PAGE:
The Case For Value And What It Means For Europe

By Michael Msika, macro commentator at Bloomberg

With the pandemic-induced recession slowly receding, value stocks in Europe are finally outperforming growth peers, and an increasing number of fund managers say that, after plenty of false starts, this time the rotation may only be in its early days.

The region’s heavier weighing in value stocks has been a drag for the past 10 years, causing the continent’s markets to lag behind the U.S. But a shift began in late October, and picked up pace in November with the looming availability of Covid-19 vaccines that promise something resembling normal life in 2021.

“Value has led the market’s recovery coming out of every one of the last 14 global recessions,” said Ian Butler, a portfolio manager at J.P. Morgan Asset Management. Butlers explains Value’s underperformance in recent years by the lack of economic and earnings growth, but as the economies reopen and the outlook improves, investors should turn to valuation as an “alpha signal” once more, he said, adding that value bounced back “with a vengeance” after previous drawdowns of a similar magnitude setting “a strong historical precedent.”

After underperforming for much of 2020, the MSCI Europe Value Index is up 23% since Oct. 29, while its growth counterpart is up only 8.4%. Should that persist, it would argue for investors pouring more money into Europe, where the weighting of value stocks is heavier than into other markets. Over the past 20 years, the outperformance of value often coincided with the outperformance of Europe. “Europe is a value market while the U.S. is a growth market, simply speaking,” said Amundi head of equities Kasper Elmgreen. “A scenario where value does well relative to growth benefits Europe in my view.”

A synchronized economic recovery will make growth stocks less appealing, said Luca Paolini, chief strategist at Pictet Asset Management. As a result the firm is “slowly adding a little bit of value” to its asset allocation, he said. But every single attempt at a value comeback has been short lived, and this one will falter too unless rates head back up, said Pictet’s Paolini. “The precondition for a solid and sustainable (value) rally is not only synchronized growth but also a sustained increase in bond yields, because without that we will still be kind of thinking, is it for real or is it not,” he said.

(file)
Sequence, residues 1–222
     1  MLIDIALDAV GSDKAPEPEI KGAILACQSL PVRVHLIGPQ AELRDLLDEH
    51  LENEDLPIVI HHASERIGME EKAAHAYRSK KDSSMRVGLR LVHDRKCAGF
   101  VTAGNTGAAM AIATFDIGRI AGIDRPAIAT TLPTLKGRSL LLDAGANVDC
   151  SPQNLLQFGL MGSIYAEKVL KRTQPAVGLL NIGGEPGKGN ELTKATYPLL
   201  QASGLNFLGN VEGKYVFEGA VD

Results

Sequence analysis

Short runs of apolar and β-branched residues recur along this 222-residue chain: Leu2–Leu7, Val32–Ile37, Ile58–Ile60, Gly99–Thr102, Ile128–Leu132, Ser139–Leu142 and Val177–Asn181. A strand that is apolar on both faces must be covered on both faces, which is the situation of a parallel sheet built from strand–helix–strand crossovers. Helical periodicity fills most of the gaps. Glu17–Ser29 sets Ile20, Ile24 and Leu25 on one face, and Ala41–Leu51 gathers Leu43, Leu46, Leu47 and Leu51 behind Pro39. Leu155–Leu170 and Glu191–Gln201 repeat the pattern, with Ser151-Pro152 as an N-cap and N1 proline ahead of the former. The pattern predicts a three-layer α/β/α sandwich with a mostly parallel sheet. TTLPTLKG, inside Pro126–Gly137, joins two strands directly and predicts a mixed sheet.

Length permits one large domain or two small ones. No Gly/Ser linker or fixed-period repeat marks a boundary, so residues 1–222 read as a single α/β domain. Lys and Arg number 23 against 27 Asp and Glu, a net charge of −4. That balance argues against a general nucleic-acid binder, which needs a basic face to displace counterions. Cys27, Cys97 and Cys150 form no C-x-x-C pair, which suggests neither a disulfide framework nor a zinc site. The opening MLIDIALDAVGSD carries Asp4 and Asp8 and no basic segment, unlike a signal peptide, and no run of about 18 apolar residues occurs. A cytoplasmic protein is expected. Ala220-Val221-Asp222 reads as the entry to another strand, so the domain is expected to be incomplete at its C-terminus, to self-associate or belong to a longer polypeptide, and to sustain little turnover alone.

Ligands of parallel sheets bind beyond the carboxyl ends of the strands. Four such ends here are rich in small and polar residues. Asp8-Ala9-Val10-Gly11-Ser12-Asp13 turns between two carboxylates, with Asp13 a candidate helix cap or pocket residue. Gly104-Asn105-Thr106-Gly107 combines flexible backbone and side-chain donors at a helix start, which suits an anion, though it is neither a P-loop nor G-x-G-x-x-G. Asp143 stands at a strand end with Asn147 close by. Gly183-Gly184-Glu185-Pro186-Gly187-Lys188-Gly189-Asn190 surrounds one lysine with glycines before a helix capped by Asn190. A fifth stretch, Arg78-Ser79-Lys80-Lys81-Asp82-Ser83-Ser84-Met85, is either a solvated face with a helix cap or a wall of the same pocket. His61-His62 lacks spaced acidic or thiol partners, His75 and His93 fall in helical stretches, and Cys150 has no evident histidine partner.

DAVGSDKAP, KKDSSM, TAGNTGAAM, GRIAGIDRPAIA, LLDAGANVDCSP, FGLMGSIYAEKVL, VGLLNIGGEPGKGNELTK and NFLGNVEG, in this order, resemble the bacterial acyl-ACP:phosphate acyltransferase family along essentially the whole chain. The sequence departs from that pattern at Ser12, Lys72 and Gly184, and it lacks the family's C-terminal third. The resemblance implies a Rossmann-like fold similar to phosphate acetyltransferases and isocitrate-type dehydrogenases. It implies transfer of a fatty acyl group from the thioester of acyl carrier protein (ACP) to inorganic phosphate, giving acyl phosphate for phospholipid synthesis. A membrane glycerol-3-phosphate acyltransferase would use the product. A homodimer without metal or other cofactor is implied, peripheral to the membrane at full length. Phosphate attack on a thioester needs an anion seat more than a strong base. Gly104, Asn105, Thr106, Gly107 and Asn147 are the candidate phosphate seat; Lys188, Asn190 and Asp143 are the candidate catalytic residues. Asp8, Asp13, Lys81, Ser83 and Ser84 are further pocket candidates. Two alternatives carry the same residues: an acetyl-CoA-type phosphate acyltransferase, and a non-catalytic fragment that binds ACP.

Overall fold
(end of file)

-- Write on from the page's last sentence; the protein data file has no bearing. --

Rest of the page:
To find the last long period of value outperformance, investors have to go back to the beginning of the century, after the internet bubble burst. More recently, the last episode was in the aftermath of the global financial crisis, when value outperformed growth for about six months, led by a rebound in bank shares.

The stars are aligned this time for a possible multiyear outperformance by value, according to Amundi’s Elmgreen. Value stocks are at “an attractive starting point” in valuation, both in absolute terms and compared to growth, at a time when the economic rebound “will be very meaningful,” he said.

till, there are several headwinds ahead, according to Kevin Thozet, member of the investment committee at Carmignac Gestion, such as the dependence on government actions and poor earnings visibility until the vaccine is widely available, while tailwinds like financial conditions and bullish sentiment are likely to fade. “Both aspects are casting doubt over the sustainability of value stocks’ recent streak,” Thozet said.

In the short term, Citigroup Inc. strategists recommend value because financial markets should price in higher inflation expectations. After that, though, there are structural headwinds for reflation that don’t bode well for inexpensive stocks over the longer term, they wrote in a report last week, citing risks such as potential collapses in house prices, financial assets or the oil price.

In the short term, Citigroup Inc. strategists recommend value because financial markets should price in higher inflation expectations. After that, though, there are structural headwinds for reflation that don’t bode well for inexpensive stocks over the longer term, they wrote in a report last week, citing risks such as potential collapses in house prices, financial assets or the oil price.

For now, though, the value trade has momentum behind it in part because of fund managers’ fear of missing out. November was the best month in 45 years for European equities, with one of the biggest value outperformances on record, said Barclays Plc strategist Emmanuel Cau. “Yet most investors appear to have missed out on the value bounce, with a large majority of funds trailing their benchmark in November,” he said. “FOMO might prompt them to chase the rally despite short-term risks.”

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